Friday afternoon, in the skies over north Texas, I slid into the co-pilot seat of a C-47 transport like the ones my Dad flew in the South Pacific in World War II, in a seat where he once sat.
In the pilot seat was one of his fellow pilots from the 13th Troop Carrier Squadron, Wellington Goddin, at the controls again 66 years after the last time he flew a C-47 for the “Thirsty 13th.”
Friday and Saturday, six former pilots of the Thirsty 13th gathered with family and friends to not only reminisce about their war experiences, but recreate them by flying one of two C-47s and a B-25 bomber.
The reunion was arranged by Seth Washburne, son of one of the unit’s navigators, and the author of a book about the unit I helped to edit and prepare for publication. This was our first face-to-face meeting after nine months of collaborating via e-mail, phone, and FedEx, and this was one of the greatest pleasures of the weekend.
So soon after the event, I find it difficult to put into words just what this opportunity meant to me, 24 years after the passing of my father. The passage of time was cruel in one regard – after 66 years of life away from the daily grind of the war, memories were shaky, and the anecdotes I hoped I might hear about Dad were never forthcoming.
But that didn’t dim the wonder and awe of being immersed in the company of his fellow pilots for two days, or the joy of meeting fellow children of Thirsty 13th members. So many stories, so many smiles and laughs, a few tears … so, so many rich moments.
If I had to choose one above all the others, it was one that happened shortly after our three-plane convoy landed in Fredrick, Okla.
We had flown to Fredrick to rendezvous with another pilot, Karl Peters, who could not attend the event in Fort Worth. Family, friends, and media milled around the tarmac greeting the pilots, taking pictures, and inspecting the aircraft.
Karl’s son, Brent, was walking among the group passing out replicas of the unit’s flight jacket patch he had made just for the event, one for each pilot and one for Seth. It was a gesture that clearly touched each of the pilots.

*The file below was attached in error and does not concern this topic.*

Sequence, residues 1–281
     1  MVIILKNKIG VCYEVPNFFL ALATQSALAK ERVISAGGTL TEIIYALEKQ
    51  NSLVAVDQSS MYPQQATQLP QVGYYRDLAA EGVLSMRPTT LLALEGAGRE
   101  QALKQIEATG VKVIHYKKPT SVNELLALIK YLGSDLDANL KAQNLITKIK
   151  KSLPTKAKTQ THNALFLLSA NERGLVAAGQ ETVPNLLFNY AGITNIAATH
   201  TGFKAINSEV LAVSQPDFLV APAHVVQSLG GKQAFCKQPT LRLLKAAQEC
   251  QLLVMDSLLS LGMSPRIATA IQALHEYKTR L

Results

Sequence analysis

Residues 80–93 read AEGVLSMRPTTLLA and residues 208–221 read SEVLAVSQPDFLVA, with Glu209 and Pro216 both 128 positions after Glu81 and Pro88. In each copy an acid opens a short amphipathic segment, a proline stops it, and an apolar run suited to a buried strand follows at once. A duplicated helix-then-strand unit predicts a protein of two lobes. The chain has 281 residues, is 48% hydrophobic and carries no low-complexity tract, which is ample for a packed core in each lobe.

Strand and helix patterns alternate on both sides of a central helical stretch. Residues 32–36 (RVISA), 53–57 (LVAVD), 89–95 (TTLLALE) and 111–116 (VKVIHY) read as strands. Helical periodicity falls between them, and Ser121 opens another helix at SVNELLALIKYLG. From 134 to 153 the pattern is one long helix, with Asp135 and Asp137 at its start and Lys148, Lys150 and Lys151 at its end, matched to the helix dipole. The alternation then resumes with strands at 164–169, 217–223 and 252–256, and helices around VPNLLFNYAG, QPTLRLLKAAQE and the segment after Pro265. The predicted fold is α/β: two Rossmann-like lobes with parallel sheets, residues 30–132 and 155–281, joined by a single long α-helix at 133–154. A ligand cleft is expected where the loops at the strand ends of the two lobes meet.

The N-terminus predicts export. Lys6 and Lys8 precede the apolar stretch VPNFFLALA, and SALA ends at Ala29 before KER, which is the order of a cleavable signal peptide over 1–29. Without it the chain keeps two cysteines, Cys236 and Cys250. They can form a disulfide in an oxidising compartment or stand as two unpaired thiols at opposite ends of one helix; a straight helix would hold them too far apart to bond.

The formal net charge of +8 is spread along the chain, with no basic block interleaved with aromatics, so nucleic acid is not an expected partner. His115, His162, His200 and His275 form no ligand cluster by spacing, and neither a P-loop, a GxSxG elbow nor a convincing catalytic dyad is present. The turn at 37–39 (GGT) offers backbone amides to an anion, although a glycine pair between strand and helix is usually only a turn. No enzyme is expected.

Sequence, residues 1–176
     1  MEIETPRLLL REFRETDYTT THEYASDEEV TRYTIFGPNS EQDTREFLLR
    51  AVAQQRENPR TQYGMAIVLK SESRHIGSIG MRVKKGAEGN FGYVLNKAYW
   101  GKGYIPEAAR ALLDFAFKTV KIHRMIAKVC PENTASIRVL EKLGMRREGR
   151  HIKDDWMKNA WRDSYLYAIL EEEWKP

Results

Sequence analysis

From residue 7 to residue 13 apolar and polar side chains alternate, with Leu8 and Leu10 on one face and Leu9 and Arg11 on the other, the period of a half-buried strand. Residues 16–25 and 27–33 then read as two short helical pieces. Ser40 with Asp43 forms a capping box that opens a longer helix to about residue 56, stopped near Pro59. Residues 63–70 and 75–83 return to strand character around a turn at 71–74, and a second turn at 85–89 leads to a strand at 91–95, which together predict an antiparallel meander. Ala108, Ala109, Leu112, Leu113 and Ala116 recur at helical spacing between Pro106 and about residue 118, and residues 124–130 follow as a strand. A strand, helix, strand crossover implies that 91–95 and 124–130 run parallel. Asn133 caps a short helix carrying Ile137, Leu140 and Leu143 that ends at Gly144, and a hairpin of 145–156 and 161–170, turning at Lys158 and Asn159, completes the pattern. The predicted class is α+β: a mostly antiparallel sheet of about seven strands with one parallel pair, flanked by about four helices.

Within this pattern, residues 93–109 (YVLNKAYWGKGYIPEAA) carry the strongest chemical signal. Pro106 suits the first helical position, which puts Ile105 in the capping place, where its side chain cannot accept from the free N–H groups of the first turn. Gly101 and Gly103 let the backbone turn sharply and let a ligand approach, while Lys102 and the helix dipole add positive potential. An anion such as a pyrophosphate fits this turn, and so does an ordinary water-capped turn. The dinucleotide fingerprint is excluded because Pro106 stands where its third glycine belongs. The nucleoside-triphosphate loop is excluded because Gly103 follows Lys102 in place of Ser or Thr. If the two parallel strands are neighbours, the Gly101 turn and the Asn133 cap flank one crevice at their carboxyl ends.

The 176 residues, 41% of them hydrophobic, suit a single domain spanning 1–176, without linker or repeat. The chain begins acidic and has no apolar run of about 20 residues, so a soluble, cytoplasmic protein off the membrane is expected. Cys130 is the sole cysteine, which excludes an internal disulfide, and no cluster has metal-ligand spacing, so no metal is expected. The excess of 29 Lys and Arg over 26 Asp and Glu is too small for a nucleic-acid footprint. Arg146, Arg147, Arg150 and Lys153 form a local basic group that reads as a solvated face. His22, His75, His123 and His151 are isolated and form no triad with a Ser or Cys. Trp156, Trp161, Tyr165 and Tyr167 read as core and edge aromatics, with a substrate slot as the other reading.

Then Brent approached me. He extended his hand – in it was a patch for me. He knew from conversations with Seth about the work I had done on the book, and he said he thought I deserved to have a patch, too.
I had flown to Fredrick in the B-25, and had left my camera bag in the hold when I exited quickly after landing to take pictures of the incoming C-47s. Carrying the patch, I climbed the ladder into the B-25, sat down in one of the jump seats. And for the next few minutes, all alone in that plane, with the rush of new memories and old, with the patch held reverently in my hands, I shed a few tears. Tears of joy, of wonder, of amazement. Each one seemed to have a different emotion carried with it.
But all carried one in common — a feeling of connection to something grand, something noble. A feeling of connection to my Dad, and to those who served with him. A feeling of connection to people I’d never met who were suddenly dear.
It is quite one thing to honor the service of our veterans, wherever and whenever their service. To share in this small way through having been given the same patch as those who served, for the simple act of editing a book about them? It’s an indescribable feeling I’ll gladly spend the rest of my life finding the words to express.